Sep 7, 2018

If the eyes are the window to the soul, then the front door is the gateway to the soul of your home. Aside from providing security, is it a statement? Does it provide need light in an otherwise dark entry area? Is it weathered and tired, or does it welcome guests?

 

If you are considering selling your home, think of the entry door as the first thing potential buyers will see and touch when entering your house, leaving a lasting impression as well as portending what else your house contains. As homeowners, we often don’t take the time to analyze what someone else’s first impression might be.

 

Ask any home improvement specialist or Realtor about the importance of curb appeal and they will confirm that how your home looks from the road may mean the difference between a drive by and an appointment to view it. And if you are looking for a good return on investment, Remodeling Magazine reports that you’ll recoup almost 91 percent of the cost on a steel entry door and nearly 78 percent on the price of a fiberglass one. Go even further and choose one for not only its security but also its architectural appeal, and those percentages may go up.

 

BUILDER Magazine article addresses this when schooling homebuilders on how to make a good first impression on the potential buyers of a new construction home. “Something’s missing. It might be hard to place, and yet they encountered it as soon as they entered the room. Though it might be the last item on your checklist, doors are the absolute first impression of any home. At first, doors might seem like an additional embellishment, but in reality, they should never be an afterthought.”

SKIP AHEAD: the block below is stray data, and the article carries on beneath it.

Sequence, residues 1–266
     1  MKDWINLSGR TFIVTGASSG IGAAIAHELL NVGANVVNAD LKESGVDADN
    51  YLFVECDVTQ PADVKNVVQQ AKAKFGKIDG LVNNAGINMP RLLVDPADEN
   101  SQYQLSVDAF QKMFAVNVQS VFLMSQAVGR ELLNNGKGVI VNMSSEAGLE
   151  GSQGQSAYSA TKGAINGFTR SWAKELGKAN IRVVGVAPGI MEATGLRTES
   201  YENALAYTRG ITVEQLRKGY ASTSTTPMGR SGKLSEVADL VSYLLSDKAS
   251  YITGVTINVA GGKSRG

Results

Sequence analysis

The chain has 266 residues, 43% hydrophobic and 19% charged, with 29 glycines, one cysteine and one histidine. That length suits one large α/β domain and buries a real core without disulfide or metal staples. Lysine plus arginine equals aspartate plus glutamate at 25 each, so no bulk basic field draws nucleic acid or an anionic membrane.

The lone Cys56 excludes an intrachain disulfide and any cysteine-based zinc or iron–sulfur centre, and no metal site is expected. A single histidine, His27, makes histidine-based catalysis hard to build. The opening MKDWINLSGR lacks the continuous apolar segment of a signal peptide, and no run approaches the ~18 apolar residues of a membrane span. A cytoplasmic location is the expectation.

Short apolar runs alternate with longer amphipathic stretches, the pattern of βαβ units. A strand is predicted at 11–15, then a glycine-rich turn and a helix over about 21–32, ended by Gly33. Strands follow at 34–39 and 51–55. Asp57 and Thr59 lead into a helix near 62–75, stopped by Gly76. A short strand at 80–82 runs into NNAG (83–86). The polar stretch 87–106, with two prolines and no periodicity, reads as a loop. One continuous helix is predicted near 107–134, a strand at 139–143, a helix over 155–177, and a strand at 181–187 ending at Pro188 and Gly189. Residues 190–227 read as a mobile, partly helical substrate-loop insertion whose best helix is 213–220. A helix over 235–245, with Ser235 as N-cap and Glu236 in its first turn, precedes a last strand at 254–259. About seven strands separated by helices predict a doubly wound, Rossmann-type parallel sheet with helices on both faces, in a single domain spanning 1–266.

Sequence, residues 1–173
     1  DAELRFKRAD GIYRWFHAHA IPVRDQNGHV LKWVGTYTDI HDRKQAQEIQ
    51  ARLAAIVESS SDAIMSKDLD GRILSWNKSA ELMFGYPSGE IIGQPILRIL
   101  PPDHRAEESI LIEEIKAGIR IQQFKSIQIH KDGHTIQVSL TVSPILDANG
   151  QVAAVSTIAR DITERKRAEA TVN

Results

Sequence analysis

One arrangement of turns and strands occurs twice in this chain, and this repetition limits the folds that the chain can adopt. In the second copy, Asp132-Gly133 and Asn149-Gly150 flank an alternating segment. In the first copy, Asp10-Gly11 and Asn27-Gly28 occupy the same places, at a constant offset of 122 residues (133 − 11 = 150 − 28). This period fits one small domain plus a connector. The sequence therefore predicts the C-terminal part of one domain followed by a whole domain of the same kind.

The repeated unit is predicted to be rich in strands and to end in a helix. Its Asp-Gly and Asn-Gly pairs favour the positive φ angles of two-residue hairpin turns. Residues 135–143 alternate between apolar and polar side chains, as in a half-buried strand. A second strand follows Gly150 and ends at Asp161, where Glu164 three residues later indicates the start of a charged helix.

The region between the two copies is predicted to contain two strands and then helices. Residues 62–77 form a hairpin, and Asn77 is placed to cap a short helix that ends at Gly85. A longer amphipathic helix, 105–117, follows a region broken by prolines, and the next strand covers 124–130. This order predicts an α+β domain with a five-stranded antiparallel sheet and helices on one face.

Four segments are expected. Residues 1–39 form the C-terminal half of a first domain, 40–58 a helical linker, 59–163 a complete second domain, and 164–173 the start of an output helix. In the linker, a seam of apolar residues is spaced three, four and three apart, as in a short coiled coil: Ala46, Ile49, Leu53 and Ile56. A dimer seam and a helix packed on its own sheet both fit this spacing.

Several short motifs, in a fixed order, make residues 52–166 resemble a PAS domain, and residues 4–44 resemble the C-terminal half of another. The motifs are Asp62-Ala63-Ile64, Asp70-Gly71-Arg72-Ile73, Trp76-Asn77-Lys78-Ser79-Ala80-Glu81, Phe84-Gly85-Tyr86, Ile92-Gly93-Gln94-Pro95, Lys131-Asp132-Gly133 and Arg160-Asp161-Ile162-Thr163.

Builders and architects tend to think about doors as a way of masterfully pulling the whole home together from the entrance throughout the entire home as an experience of function and form, according to the article. “The perfect front door should complement the rest of the building’s exterior while reflecting a vision of the homeowners to the outside world, requiring it to both feel right and look right.”

 

Even with secondary doors throughout your home’s interior, a mood is set simply by door style: streamlined (solid, tall, flat-panel doors) can make a house feel sleek, modern, and even a bit sexy. Doors with detail can take traditional and transitional into the homey and comfortable realm.

 

Hardware is also a significant element, whether it’s a matte black handle with uncluttered lines, vintage-style crystal knobs with facets, or brushed brass with substantial heft. Today’s modern farmhouse can reflect traditional with updated vibes by sporting traditional-style doors with classic panel designs and decorative glass. Mid-century modern looks, however, often feature a simpler design with stunning wood grains, as if part of the furniture and entry doors often boast tiny or elongated vertical windows in a contemporary pattern for an understated look.

 

The doors in your home (especially the entry door) can either upgrade a space or make that space fall flat. While they may not be the focal point of any room, however, doors never fail to make an impact upon entering any home or any room.

 

 

Source: TBWS

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When an airline executive throws around terms like “revenue per passenger mile” it sounds impressive to us lay people, who picture every air mile having the same dollar sign attached to it. But when a real estate consultant bandies the term “cost per square foot” to discuss a home’s value, it should give you reason to pause and ask a LOT of questions.